But Islam contains its own versions of the apocalyptic, as in fact do secular projections of world destruction and recreation found in extreme ideological movements like Communism and Fascism. Such imagery is part of a universal mythology of death and rebirth. As the student of world mythology Joseph Campbell put it, "Death-and rebirth, rebirth through ritual . . . is an extremely ancient [idea] in the history of culture." Spiritual rebirth is a goal so desirable that the annihilation of everything else on its behalf may feel justified. A recent statement by an Islamist zealot offers an indication of how far one might go on behalf of perfect spiritual renewal: "We believe in the principle of establishing Sharia [the Islamic moral and criminal code] even if this means the death of all mankind."


Examples of apocalyptic violence are everywhere in the world, though not always recognized as such when they come from our part of it. For instance, we think of Timothy McVeigh as a lone fanatic who in 1995 blew up the Murrah Federal Building in Oklahoma City, killing 168 people, because he was enraged at his government. Such a characterization, however, neglects the apocalyptic dimensions of his act. He felt himself to be one of many believers dedicated to bringing a new world into being. His fervent hope was that in destroying a government building he would set off a chain reaction. Others, inspired by him, would do the same throughout the country, starting a vastly destructive "revolutionary" process that would lead to the rebirth of our country as a purified white Aryan nation.

He saw himself as part of a vast secular crusade that had already begun, for he was devoted to what may be the most apocalyptically murderous volume ever written, a novel by the American neo-Nazi leader William Pierce called The Turner Diaries. (Assigning it to students for a class of mine felt like assigning them Hitler's Mein Kampf updated with nuclear weapons. McVeigh carried this novel with him everywhere, gave it to people as a gift, sold it at gun shows, and was said to have slept with it under his pillow. The novel's protagonist, Earl Turner, is part of a successful revolution of "white patriots" against the American government, which has come under the evil influence of Jews and blacks and is taking guns away from whites in order to subject them to defiled races. The revolutionaries not only succeed in taking over the government but then employ nuclear, biological, and chemical weapons to systematically annihilate all Jews and all nonwhites throughout the world.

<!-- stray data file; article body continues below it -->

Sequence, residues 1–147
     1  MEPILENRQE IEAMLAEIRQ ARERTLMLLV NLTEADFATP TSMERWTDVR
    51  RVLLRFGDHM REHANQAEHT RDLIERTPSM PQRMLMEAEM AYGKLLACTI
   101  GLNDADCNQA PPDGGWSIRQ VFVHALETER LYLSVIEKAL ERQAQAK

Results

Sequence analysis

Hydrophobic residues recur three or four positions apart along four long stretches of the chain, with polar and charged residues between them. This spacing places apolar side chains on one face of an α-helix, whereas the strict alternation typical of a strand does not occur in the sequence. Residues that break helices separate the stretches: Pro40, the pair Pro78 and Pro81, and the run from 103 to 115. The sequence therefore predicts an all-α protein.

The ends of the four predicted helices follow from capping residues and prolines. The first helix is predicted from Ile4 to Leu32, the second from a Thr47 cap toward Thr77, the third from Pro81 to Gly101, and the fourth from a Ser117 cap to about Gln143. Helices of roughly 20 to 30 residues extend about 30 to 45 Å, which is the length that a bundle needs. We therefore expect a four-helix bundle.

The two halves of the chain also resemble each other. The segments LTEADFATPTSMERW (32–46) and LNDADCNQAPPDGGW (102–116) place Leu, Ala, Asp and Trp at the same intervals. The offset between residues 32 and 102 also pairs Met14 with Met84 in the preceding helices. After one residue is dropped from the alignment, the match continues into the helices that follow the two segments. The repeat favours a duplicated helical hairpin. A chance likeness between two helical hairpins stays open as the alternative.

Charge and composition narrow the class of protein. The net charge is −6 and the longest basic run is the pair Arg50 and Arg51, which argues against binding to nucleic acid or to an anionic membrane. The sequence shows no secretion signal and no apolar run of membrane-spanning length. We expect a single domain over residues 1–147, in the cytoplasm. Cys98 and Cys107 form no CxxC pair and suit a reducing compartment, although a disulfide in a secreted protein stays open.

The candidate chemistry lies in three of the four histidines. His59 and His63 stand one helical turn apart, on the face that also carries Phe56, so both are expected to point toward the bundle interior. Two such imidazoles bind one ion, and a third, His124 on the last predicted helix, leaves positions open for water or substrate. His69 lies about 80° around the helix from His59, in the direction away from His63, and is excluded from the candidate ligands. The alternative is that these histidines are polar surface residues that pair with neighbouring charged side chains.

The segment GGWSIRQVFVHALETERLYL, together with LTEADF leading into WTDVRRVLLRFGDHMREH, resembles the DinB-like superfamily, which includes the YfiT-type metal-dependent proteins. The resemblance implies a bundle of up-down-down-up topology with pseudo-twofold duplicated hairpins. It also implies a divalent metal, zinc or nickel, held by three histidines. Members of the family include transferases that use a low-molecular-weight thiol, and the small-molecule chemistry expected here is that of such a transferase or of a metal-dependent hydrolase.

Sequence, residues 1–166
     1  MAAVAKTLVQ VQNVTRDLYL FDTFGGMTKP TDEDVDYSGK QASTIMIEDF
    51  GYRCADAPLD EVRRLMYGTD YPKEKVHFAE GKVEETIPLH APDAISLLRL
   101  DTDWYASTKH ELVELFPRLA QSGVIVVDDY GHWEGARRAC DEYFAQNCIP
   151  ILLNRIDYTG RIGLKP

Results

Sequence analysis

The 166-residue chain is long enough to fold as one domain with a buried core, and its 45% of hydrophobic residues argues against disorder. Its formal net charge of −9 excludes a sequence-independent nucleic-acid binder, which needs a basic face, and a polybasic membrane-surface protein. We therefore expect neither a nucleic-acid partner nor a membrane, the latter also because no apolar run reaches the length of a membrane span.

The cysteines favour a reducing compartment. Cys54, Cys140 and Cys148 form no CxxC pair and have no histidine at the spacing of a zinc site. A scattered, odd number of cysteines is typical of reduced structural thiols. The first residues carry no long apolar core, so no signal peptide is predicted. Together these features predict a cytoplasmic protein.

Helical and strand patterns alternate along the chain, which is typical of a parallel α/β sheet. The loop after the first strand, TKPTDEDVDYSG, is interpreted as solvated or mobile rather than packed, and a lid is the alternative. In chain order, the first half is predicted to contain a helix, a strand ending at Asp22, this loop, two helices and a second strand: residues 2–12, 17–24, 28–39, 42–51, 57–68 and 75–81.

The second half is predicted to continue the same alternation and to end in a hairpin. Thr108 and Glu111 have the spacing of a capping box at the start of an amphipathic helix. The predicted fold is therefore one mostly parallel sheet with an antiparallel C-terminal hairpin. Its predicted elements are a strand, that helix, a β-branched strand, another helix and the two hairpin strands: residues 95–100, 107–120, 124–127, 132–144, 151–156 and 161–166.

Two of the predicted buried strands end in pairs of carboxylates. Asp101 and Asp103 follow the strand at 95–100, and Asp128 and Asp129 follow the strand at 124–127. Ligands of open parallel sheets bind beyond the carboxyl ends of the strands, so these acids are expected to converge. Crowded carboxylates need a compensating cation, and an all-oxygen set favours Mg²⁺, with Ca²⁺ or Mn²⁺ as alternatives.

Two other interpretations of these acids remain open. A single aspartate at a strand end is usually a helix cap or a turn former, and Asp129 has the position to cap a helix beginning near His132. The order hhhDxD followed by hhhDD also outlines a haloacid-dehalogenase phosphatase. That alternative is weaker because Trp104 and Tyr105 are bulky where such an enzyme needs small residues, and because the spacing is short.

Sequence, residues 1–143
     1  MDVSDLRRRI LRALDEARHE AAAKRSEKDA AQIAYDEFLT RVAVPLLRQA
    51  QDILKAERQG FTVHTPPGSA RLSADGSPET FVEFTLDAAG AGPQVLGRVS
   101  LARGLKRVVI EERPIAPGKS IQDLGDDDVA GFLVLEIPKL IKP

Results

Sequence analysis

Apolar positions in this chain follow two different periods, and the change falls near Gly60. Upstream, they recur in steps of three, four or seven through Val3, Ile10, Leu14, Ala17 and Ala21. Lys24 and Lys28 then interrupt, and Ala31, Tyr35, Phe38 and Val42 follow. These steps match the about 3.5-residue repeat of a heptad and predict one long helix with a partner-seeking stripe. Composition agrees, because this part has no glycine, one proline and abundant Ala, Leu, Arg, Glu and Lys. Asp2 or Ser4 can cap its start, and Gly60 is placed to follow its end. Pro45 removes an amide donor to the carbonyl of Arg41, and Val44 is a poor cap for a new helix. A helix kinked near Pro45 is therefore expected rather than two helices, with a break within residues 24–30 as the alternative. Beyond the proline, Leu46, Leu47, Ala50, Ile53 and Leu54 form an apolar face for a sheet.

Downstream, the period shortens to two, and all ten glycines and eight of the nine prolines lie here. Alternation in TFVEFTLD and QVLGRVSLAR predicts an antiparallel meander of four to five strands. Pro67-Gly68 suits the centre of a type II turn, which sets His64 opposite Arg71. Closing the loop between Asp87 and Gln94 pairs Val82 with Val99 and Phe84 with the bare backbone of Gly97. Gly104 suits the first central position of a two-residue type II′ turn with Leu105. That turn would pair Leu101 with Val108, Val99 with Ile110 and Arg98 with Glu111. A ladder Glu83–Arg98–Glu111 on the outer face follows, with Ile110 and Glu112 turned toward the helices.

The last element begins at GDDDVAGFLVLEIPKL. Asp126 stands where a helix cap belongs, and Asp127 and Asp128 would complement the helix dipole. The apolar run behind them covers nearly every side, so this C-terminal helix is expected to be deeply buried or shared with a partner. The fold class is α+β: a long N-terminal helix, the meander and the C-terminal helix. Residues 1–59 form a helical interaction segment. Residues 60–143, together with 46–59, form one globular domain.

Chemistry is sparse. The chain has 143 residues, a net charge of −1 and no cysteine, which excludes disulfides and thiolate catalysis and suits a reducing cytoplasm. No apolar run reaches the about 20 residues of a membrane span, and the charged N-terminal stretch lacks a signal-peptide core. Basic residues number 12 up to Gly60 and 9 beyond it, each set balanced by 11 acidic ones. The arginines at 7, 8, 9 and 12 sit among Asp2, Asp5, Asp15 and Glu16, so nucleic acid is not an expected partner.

Turner becomes a great revolutionary "martyr" by crashing a plane armed with a nuclear weapon into the Pentagon, a fantasy of Pierce's that eerily anticipated the 9/11 attack. It has frequently been pointed out that McVeigh found in The Turner Diaries instructions for making and using the fertilizer bomb he would employ to such murderous effect in Oklahoma City. More instructive for him, however, was Turner's apocalyptic, if fictional, martyrdom and the novel's overall vision of world destruction in the service of the political/spiritual perfection of a "New Era."